Beyond Rio+20

It was June of 1992. The location was Rio de Janeiro. The occasion was the world conference on environment and development. A large number of people had come out on the streets. They were protesting the arrival of George Bush senior, the then president of the US. Just before coming to the conference, Bush had visited a local shopping centre, urging people to buy more so that the increased consumption could rescue his country from financial crisis. Protesters were angered by his statement that “the American lifestyle is not negotiable”. People wanted change in the way the world did business with the environment. They demanded that Bush should sign the climate convention and agree to tough emission reductions. The mood was expectant, upbeat and pushy.

For the first time environmental issues were put on the world table. Till Rio 1992, environment was considered a local or national issue. But science and fears of a changing climate altered all that. Emission limits were needed for all industrialised countries. For this, global rules were essential and global cooperation imperative. The Rio conference saw the birth of global conventions on climate change, biodiversity and desertification.

Inevitably, Rio 1992 witnessed the first showdown between the North and the South on global rules for environmental management. Developing countries were firm they needed ecological space to grow. But they were also willing to say they should grow differently so that they do not add to pollution. They wanted money and technology to secure the new growth strategy. The big take home was that the environment was about socially equitable development.

Now 20 years later, world leaders will meet again in the same city of Rio de Janeiro. But this time there is no apparent excitement in the run up to the conference. It seems world leaders, lost in managing financial crisis, have no time for environmental issues. It seems the world has run out of ideas to safeguard a common future.

So, the conference is ridden with the usual polemics. The old rich, mostly European countries, are preaching the virtues of environment to the new rich, comprising India, China, Brazil and the rest. The new rich are resisting efforts to remove the differentiation in the contribution of different countries to the creation of the problem. They want their right to development secured. But now the old rich want to wriggle out of this differentiation. They want action from all. They are missionaries for the environment. The rest, they project, are renegades.

The question is what more can be done at the global level? The fact is that all global environmental problems—from climate change to hazardous waste—have separate agreements. International rules of engagement and cooperation are being discussed in parallel processes and institutions. So what can a conference like Rio achieve?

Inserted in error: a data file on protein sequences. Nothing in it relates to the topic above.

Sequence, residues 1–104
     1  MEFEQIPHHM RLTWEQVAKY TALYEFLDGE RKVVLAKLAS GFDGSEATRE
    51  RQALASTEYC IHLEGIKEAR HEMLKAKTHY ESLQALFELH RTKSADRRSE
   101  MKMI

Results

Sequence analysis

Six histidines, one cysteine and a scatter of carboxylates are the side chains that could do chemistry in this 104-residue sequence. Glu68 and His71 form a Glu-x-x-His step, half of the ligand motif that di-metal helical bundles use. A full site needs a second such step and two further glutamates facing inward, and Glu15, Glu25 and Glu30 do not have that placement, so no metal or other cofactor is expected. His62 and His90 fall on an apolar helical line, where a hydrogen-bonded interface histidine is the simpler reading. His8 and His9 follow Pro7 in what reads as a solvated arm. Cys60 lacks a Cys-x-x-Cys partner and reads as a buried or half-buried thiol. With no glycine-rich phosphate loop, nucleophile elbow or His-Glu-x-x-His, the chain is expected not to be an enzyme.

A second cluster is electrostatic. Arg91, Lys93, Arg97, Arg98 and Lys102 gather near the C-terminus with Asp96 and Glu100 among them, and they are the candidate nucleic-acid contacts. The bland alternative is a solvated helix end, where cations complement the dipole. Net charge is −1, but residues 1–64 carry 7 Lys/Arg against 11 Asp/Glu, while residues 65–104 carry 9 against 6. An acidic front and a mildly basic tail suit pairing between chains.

A new bogey was created: Rio+20 would be about green economy and not about the 1992’s concept of sustainable development. But this was said without clarifying what is true green economy? Does it mean the world will invest in technologies to green the current economy? Or will it seriously reinvent growth so that it is not driven by cheap consumption that is costing us the earth?

The question is too inconvenient, so, instead, negotiators drew up a list of actions to meet green targets called sustainable development goals. Thus the fight has shifted to a new goal. The European Union proposed a set of environmental targets—from renewable energy to forest and biodiversity. The G-77 proposed a counter set of development goals—from consumption patterns to poverty eradication. At Rio 2012, the fight will be about whose goal makes it to the priority list. Rio 2012 will most probably set up a process to negotiate the specifics of the sustainable development goals. The fight will be postponed for another day.

In all this nobody is asking why the world remains so deeply divided over the definition of environment. The fact is the world has changed since 1992. The fact also is that the developing world has by now seen the pain of environmental mismanagement. There is proactive national action. It is not as if countries like India must be converted to environmentalism. They understand the need for action. They are working to fix environmental problems. But they find that like much of the already rich world they remain behind the problem; they fix something, but much more gets out of control.

The bottom line is that environmental concern and action at the national and the local level has blossomed since 1992. But when countries meet at the global level distrust prevails. Environmental issues are divisive because the already rich have reneged on their commitments to secure growth for all. Now they want to start afresh to build a new world. But this is not the commitment that will give us back the earth.

The hard truth is that unless the world sorts out its deep divisions, global action will be weak and meaningless. So instead of focusing on things we cannot do, Rio 2012 should celebrate, loudly and boldly, that people (and nations) are not waiting for global consensus to emerge. They have taken matters in their hands. They are committed to change—change we can believe in.